Research Fellow Stephen P. Halbrook, author of Gun Control in the Third Reich, presents oral arguments in the U.S. Court of Appeals for the DC Circuit in the ongoing appeal of the landmark Supreme Court case of Heller v. District of Columbia. The case affirmed the Second Amendment rights of citizens for lawful purposes such as self-defense.
Research Fellow Stephen P. Halbrook, author of Gun Control in the Third Reich, appeared on Gun Talk Radio with Tom Gresham. Halbrook talks about the Second Amendment and the traditions of liberty and limited government.
Research Fellow Stephen P. Halbrook, author of Gun Control in the Third Reich, appeared on "The Daily Ledger" show on One America TV News Network. The discussion ranges from Second Amendment rights and concealed weapons permits, to gun registration and ultimately gun confiscation by German officials in the 1930s and 1940s.
In June 2008 the U.S. Supreme Court handed down a landmark ruling on the Second Amendment individual right to keep and bear arms with its Heller v. District of Columbia decision. Two years later, in June 2010, a second historic decision squeezed through the highest court in the land.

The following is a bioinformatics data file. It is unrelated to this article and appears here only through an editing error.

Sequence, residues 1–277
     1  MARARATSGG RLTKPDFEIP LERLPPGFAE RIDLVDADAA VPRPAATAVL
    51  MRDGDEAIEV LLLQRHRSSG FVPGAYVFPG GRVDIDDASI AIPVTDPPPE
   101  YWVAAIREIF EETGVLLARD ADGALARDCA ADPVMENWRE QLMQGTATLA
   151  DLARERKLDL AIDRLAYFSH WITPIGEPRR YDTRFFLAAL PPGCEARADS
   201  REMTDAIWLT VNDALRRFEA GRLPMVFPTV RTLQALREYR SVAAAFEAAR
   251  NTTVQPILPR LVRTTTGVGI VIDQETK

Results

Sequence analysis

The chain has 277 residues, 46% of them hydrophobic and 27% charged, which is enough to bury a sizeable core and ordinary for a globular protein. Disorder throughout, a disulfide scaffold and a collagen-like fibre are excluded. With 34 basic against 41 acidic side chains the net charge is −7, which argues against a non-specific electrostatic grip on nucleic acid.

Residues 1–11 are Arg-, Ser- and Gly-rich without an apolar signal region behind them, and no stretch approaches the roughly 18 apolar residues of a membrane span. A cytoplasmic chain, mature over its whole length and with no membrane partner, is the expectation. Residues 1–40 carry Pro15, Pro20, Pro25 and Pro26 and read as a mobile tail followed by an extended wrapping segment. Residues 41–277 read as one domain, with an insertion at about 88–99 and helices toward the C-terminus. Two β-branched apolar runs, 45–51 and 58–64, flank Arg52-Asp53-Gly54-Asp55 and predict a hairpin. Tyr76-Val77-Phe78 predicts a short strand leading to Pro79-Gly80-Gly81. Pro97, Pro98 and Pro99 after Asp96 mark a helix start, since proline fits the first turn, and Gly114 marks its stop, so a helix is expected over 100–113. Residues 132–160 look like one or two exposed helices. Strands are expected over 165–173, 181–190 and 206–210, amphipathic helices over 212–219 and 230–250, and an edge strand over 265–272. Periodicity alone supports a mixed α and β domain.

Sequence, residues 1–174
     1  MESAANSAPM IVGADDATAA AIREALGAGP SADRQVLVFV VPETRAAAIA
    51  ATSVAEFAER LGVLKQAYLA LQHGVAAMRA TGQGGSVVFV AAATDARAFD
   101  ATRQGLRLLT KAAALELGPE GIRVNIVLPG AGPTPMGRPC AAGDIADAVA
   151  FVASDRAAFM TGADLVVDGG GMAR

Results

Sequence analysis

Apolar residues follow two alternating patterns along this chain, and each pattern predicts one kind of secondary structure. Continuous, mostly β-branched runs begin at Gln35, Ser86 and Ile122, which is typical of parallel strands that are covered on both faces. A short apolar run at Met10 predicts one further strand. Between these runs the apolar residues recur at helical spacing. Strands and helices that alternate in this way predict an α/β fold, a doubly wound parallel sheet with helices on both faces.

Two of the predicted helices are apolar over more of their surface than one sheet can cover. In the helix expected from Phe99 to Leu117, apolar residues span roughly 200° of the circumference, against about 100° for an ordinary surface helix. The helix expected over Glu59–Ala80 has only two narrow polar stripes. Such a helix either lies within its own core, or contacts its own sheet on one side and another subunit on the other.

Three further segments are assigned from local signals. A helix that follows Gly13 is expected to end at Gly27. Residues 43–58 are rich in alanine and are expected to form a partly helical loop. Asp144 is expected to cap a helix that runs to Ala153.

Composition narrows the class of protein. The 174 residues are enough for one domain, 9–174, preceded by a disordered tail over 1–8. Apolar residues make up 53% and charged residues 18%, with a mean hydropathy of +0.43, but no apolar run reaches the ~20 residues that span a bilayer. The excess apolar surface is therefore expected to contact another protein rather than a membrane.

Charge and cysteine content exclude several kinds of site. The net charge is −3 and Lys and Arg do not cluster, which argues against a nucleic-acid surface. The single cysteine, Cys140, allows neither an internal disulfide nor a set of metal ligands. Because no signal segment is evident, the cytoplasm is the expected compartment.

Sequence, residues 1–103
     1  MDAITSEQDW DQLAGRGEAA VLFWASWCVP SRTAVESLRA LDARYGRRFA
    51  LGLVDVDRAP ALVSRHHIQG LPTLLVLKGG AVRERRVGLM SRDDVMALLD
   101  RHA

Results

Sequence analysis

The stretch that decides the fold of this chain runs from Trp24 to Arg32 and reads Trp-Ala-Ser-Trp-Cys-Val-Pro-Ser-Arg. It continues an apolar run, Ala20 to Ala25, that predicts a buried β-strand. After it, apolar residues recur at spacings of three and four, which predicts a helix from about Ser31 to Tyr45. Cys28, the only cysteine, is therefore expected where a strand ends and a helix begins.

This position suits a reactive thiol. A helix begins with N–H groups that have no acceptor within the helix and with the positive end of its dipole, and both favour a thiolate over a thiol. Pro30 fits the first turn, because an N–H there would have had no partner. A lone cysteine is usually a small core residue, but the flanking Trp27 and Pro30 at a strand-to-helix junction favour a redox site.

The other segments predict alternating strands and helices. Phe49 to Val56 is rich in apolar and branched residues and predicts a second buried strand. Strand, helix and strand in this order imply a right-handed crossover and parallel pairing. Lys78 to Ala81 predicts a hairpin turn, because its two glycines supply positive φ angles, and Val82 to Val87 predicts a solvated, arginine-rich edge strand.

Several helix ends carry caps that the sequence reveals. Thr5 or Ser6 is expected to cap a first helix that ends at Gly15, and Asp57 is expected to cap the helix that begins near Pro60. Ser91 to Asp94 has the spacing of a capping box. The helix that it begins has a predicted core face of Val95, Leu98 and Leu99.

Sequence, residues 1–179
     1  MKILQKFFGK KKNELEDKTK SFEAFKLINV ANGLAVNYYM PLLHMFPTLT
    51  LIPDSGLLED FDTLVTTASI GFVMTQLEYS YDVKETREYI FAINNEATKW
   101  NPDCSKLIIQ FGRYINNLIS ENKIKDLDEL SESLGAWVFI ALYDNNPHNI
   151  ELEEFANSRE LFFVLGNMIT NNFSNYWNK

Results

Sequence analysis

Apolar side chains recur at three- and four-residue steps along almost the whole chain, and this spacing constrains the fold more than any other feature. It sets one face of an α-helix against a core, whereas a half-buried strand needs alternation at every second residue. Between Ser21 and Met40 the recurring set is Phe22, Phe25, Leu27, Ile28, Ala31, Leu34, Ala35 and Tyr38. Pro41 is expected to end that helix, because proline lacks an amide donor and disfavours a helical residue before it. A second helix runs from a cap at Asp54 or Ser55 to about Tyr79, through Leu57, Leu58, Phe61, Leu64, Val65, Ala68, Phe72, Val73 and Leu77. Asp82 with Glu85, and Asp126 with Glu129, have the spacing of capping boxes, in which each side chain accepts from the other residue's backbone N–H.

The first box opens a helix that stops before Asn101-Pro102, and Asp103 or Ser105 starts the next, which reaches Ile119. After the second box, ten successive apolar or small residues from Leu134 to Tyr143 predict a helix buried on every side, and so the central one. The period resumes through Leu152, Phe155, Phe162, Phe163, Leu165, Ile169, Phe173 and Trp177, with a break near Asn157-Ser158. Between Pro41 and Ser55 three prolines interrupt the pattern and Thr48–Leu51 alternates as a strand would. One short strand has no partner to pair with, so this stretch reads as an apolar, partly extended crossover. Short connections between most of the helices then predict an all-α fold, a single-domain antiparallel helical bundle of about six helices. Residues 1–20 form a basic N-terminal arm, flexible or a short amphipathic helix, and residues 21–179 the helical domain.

For millennia, farmers all over the world have bred crops for their resistance to disease, productivity, and nutritional value. Over the past century, scientists have used increasingly more sophisticated methods for modifying crops at the genetic level. But only since the 1970s have advances in gene-splicing and other aspects of biotechnology upped the ante with the promise of dramatically improved agricultural products. Today, few topics have the power to inspire as much international furor and misinformation as the development and distribution of genetically altered foods. Is public resistance far out of synch with the potential risks? Please join us as Henry Miller, co-author of the new book The Frankenfood Myth, and Bruce Ames, U.C. Berkeley professor of biochemistry and molecular biology, address this critical 21st century issue.